Decatur Herald/July 9, 1930
Leland Reese, Chicago Newsman, Lingle Intimate, Aids Crime Exposé
Leland H. Reese, formerly a reporter for The Herald and now on the staff of the Chicago Daily News, Tuesday morning presented a challenge and offer of assistance to the new Chicago grand jury as it opened its official investigation of the subway murder of Alfred “Jake” Lingle, Chicago Tribune reporter.
Reese was employed on the Herald’s editorial staff in 1913. Later he was employed by the Illinois State Journal in Springfield, and later was in newspaper work in Sioux City, Ia. In that city he enlisted in the army for service in the world war. After his return from overseas he entered newspaper work in Chicago, where he has since been employed.
Reese’s offer of assistance to the grand jury was accompanied by another from Harry Brundidge, reporter for the St. Louis Star, whose articles accusing unnamed Chicago reporters of being as deeply involved in racketeering as was Lingle created a furore in newspaper circles in Chicago.
Reese, in an article in the Chicago Daily News Monday afternoon, stated he felt certain he was one of the “unnamed reporters” referred to and told how he was injured last Friday morning when his automobile was sideswiped off the road by a mysterious “good sized black sedan” near DeKalb, Ill., and also offered to appear before the grand jury.
Reese is confined to a hospital in DeKalb, where he was taken following the collision.
May Help Big Expose
The former Herald reporter denied any charges that he ever had any “scandalous” connections with gangland, told how he had received news tips from Julius Rosenheim, slain informer, and said his life had been threatened since the Lingle murder. He believes, he stated, that his automobile was wrecked purposely. He and two bodyguards were injured in the accident.
The Chicago Tribune Tuesday morning pointed out that “there may come before the state’s attorney’s office and the present grand jury not only the murder of Alfred Lingle, but also the slaying of Rosenheim and the admitted threats to kill Reese.”
The Chicago Herald and Examiner stated that “There is prospect of an authoritative airing of the insinuations that have been made as to the ‘higher-ups’ who may have backed Lingle.”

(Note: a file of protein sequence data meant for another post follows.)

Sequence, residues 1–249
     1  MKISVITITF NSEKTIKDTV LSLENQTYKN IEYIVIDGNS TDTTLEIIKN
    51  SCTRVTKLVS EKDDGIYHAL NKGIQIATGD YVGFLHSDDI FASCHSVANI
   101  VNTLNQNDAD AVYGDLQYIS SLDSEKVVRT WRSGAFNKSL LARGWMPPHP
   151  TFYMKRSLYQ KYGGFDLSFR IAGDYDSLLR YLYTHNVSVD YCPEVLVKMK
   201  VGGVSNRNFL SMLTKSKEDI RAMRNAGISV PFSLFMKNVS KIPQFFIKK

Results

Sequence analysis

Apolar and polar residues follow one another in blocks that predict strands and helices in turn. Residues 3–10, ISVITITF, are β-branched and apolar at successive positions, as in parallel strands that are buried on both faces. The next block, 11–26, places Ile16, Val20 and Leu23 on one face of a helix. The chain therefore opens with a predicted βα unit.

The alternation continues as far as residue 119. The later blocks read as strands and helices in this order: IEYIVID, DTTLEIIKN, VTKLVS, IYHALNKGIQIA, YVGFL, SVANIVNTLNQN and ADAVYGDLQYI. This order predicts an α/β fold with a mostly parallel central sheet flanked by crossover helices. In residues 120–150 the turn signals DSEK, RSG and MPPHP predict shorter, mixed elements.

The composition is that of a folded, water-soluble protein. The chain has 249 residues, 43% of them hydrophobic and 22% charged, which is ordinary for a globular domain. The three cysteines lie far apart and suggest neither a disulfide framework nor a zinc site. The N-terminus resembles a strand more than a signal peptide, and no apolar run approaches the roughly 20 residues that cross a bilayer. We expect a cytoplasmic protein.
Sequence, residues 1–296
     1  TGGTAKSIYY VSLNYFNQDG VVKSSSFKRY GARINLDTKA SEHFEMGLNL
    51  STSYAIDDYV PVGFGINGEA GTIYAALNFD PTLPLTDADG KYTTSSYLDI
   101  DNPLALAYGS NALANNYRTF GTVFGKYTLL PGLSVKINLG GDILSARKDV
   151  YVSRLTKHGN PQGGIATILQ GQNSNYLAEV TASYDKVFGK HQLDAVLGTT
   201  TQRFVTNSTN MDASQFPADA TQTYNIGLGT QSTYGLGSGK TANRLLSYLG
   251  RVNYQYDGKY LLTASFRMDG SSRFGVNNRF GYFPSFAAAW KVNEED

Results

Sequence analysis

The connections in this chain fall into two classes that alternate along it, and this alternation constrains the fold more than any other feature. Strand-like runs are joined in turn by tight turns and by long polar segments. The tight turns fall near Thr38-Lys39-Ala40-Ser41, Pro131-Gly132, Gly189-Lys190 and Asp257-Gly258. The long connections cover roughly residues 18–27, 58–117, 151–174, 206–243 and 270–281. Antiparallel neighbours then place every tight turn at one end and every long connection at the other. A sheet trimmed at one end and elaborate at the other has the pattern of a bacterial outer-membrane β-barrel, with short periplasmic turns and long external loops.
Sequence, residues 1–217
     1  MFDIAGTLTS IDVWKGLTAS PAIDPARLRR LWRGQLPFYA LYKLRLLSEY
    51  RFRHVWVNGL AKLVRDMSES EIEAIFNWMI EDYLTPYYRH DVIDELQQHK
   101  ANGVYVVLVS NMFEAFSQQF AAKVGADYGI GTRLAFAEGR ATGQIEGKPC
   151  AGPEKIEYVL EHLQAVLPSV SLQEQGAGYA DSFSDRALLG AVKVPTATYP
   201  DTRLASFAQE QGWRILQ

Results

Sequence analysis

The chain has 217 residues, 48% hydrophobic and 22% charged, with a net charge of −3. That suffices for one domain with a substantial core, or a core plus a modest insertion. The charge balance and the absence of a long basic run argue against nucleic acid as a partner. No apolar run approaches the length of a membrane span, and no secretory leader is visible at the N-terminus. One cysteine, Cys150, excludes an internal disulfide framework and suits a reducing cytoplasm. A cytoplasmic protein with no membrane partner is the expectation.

Car Crowded from Road
According to Reese’s story, he and Allen Finlay, a special police officer, and Ed Braun left Chicago about midnight Thursday, July 3, headed for the western part of the state. They delayed getting on the road, Reese said, to escape early holiday traffic.
“At DeKalb we stopped at a filling station,” the story went on. “Just after us came a good sized black sedan. It kept behind us, apparently following, for so long that our attention was attracted to it.
“About 10 miles west of DeKalb we stopped to let the other car pass. It did not do so, but lagged behind. We then put on speed again.
“Almost as soon as we had done so the other car rushed abreast of us. We were crowded off the road into the ditch. Our car turned over and lit upright on its wheels. After a while we were picked up by a motor bus and taken to a hospital in DeKalb.
“Finley and Braun each received broken ribs. I was badly bruised on the head, left arm and neck.”
Intimating his belief that the “accident” was a deliberate attempt on his life, Reese declared that he had received a definite message that he was to be attacked and beaten, if not killed.
Nabbed as “On Spot”
He also quoted a story printed recently in the St. Louis Star, which intimated that a certain reporter for the Chicago Daily News was soon to “get his.”
“I was told by numerous persons that I was the reporter to which the article referred” Reese said.
Reese’s story denied any knowledge of a $5,000 bond that, it was said, was required to be posted by the Daily News, and denied another allegation that he and the others carried “coroner’s stars.”
In regard to his connections with Rosenheim, Reese declared that, under pressure, he was authorized to get hold of a trustworthy informant who might ferret out the motives of such crimes as were distinctly within the realm of news.
Worked With Lingle
“I emphatically deny,” his story continued, “that my relation with Rosenheim was scandalous. I assert that it was a part of a recognized practice service; a practice which every other newspaper adopts when it can, and which none that had kept its senses would insinuate to be illegitimate.”
Reese added that he had worked with Alfred Lingle, slain Tribune reporter, on many stories involving underworld crimes and activities, and declared that they had been “far from friendly.”
The story ended with a blanket denial by the reporter that he had ever had any relations with underworld characters other than in a news-gathering way; he had never used his newspaper position to further his own interest, and had never taken any story to his superiors for any reason other than that it was news.